But, it allowed me to have a Canon 40D ready to shoot with 24-70 lens, and once removing the camera, the 70mm Macro right under it, easy to grab. Everything other than the notebook is snug fit, but easier to grab than people mention in other crumpler Million Dollar Home series bags. The camera is really at my fingertips, and easy to pull off and throw back into position in a second without hassle, but it's pretty much the only easy to access item. But, for me, it's also the only one that needs easy access ( other than the notebook ).
I managed to sort it in a way of using my tall gear, on the tall orientation, and I have a lot of tall gear. So, not much stacking took place, except for the radio flashes and 18-55 lens, which were stacked one on top of the other. But it's not nearly as easy to have your gear at your fingertips as it would with a Nova bag from Lowepro, or any more traditional shoulder bag.
On each side, it has a loop so you can strap things externally, sewn in a way to turn it into 3 strapping points in each side. I had used it with water bottles and in the pics, a DVD case for blank DVDs ( so I can backup photos right after the shoot ). It's very comfortable to carry with the light DVD case, but walking around with a 24oz water bottle makes it bang against your knees and heels, and a walk in the park can be highly uncomfortable, so, reserve it for really light, small items.
Internally on the sides, there are two very deep pockets, which I use for my cell phone ( won't fit an iPhone tho ), and a small roll of plastic bags I use in case I need some quick weather protection.
The bag also sports two meshed and one solid cloth pockets, that fail in some ways. One of meshed pockets is on the lid, closed by a zipper, and the other ones are in a front pouch, closed by velcro. But the major problem with this bag, is volume. The more you fill it, the more it pushes to the front and back. With the notebook in place, you loose room on the front pouch, where you'd store your wallet, books, notebook, pens, etc. The meshed pocket on the top lid, also goes over that area when the bag is closed, adding to the problem.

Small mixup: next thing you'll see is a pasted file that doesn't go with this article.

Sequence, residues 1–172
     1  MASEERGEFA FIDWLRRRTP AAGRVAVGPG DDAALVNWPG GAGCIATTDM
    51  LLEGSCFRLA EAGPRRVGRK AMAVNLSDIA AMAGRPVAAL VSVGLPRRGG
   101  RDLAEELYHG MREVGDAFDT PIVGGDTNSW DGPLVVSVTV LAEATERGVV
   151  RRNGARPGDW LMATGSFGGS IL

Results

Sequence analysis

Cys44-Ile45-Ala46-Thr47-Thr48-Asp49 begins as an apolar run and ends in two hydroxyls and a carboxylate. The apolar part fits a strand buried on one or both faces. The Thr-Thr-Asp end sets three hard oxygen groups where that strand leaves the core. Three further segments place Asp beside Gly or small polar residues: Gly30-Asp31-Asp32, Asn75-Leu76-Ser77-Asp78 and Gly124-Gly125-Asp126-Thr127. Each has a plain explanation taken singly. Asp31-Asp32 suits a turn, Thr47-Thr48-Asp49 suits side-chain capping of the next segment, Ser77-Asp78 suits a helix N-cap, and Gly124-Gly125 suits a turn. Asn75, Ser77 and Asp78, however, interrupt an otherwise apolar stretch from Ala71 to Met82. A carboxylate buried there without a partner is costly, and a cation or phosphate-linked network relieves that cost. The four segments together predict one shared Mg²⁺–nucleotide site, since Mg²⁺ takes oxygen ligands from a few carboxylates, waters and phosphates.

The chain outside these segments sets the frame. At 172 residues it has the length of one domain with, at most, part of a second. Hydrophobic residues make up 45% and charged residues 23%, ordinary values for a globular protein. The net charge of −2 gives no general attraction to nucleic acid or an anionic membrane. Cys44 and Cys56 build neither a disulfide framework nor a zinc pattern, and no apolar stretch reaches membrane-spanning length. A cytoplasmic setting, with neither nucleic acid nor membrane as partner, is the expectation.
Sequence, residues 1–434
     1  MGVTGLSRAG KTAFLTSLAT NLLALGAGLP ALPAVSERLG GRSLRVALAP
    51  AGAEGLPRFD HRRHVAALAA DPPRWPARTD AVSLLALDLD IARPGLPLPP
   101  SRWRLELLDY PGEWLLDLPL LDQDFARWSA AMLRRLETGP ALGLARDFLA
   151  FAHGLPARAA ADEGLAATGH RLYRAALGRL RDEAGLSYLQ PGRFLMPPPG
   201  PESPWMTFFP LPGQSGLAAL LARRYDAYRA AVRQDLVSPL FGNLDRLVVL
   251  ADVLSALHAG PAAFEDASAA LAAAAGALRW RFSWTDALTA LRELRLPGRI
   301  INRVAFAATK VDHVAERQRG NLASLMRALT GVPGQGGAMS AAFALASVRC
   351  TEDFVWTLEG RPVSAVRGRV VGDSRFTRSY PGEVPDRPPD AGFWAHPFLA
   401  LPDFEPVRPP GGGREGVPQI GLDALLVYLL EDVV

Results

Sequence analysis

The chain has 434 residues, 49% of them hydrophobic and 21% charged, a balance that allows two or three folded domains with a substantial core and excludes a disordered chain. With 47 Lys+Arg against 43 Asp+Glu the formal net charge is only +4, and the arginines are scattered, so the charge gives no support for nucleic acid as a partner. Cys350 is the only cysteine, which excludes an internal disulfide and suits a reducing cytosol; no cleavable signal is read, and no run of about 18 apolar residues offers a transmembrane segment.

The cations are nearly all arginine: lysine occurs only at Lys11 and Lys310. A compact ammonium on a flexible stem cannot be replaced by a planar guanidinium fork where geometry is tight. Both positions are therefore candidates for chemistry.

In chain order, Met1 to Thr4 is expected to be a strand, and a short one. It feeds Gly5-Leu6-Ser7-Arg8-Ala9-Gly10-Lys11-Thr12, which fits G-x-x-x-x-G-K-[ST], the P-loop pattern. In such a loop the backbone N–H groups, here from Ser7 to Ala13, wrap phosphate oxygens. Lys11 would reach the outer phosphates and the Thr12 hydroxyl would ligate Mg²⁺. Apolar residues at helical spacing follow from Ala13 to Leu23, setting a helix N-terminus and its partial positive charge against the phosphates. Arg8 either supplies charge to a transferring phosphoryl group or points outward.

So, with the camera filled, it's nearly impossible to take any reading material with you, or even a wallet, or even handling stuff on those pockets, and fully close the bag. Maybe crumpler could have created more room in those, with elastics to retract them into place when that material is not being handled. I'd want to take a few 5â€ white/black cards to use as light reflectors/diffusers, and also take some color calibration cards with me. I'm mostly a food shooter and use those a lot. With this much gear, I also couldn't fit my wallet, and I think I would have problems fitting passports and so on. As this camera bag is also intended as carry on, with this much gear, it would be a serious issue.
But in the end, regarding those pockets, you won't want to put stuff in all 3 of those. It stacks up and makes it harder to close the bag. I reckon I still have to do a lot more thinking in terms of stacking and sorting gear in it.
I hope if they re-design it, they look into the need for much better access to the front pouch, and better organization in it, as I tend to carry pens, wallet and moleskine notebooks with me. Actually, some organized division would be nice, as they did in the Opulent Rooster, which has a much better set of meshed pockets and pen holders. Also, a better access and protection to the notebook section, as it doesn't seem they consider someone who owns this bag will have a notebook with them at all times. And consider the fact a camera and notebook bag will have to properly store camera and notebook at all times, with easy access to at least these two main items.